vaccinate to fight flu

The Walker County Health Department, 603 East Villanow St., Lafayette, is now offering flu vaccines on a walk-in basis during regular business hours.

Public health experts say now is a good time for people to consider getting vaccinated for the upcoming flu season.

"Get your flu vaccine as soon as it is available each year," says Tracy Pevehouse, nurse manager at the Walker County Health Department, "and there’s plenty of it available in our community right now, including at the health department.

"We have the high dose vaccine available for adults 65 and older who are at greater risk of severe illness from influenza and the quadrivalent vaccine that provides broader protection against circulating flu viruses for everyone else."

Pevehouse says everyone six months and older should get a flu vaccine by the end of October, if possible. Flu season can start early, and it takes about two weeks after your vaccination for the full antibody effect to develop and provide flu protection. That’s why it’s better to get vaccinated in August, September or early October, before the flu season really kicks in.

"The flu shot will last through the flu season," Pevehouse says. "It’s never too early to get a flu shot, as we cannot accurately predict when the influenza season will begin, but it can be too late." Flu season usually begins in October, but can begin as early as September and can last well into March. Peak flu season in Georgia usually occurs in late January and early February.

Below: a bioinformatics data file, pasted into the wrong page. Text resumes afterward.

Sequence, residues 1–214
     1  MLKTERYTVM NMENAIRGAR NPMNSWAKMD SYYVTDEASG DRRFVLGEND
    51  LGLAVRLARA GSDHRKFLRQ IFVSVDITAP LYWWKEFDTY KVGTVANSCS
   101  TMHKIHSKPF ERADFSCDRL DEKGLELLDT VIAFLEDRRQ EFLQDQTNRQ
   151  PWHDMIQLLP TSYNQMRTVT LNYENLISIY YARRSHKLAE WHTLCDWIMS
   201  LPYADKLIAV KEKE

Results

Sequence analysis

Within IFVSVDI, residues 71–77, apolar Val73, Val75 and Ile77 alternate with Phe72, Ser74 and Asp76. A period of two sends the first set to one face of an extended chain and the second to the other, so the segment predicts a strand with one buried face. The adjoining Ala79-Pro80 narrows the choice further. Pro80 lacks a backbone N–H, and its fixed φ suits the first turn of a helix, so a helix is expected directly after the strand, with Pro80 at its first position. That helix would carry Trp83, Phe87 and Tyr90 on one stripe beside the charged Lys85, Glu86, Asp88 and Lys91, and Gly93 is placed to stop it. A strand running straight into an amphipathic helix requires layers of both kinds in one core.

Who should get a flu vaccine?

Everyone six months of age and older should get a flu vaccine every season. Vaccination to prevent influenza is particularly important for people who are at high risk of serious complication from influenza, including:

• Children younger than five, but especially children younger than two years,

• Adults 65 years of age and older,

• Pregnant women and women up to two weeks postpartum,

• Residents of nursing homes and other long-term care facilities, and

• People who have medical conditions including asthma, chronic lung disease, heart disease, diabetes, etc.

It is especially important to get the flu vaccine if you, someone you live with, or someone you care for is at high risk of complications from flu.

It’s also recommended that pregnant women get a flu vaccine during any trimester of their pregnancy. There's added value to the seasonal flu vaccine for pregnant women, too. Not only does it protect them against the flu, it also protects their newborn infants, for up to the first few months of life at least, at a time when infants are too young to receive the vaccine themselves.

Walker County Health Department hours are Monday - Wednesday 7:30 a.m. to 5 p.m., Thursday 8 a.m. to 6:30 p.m., and Friday 8 a.m. to 2 p.m.. Hours for the Environmental Health office are Monday – Thursday 7:30 a.m. to 5 p.m. and Friday 7:30 a.m. to 4:30 p.m.

Acceptable payment methods include cash, check, credit-or-debit card, Medicare, Medicaid, Aetna, BlueCross BlueShield of Georgia, Cigna, and United Health Care SHBP.

Contact the Walker County Health Department, 603 E. Villanow Street, LaFayette, at 706-638-5577; the Environmental Health office, 101 Napier St., LaFayette, at 706-639-2574, or visit www.nwgapublichealth.org/counties/walker.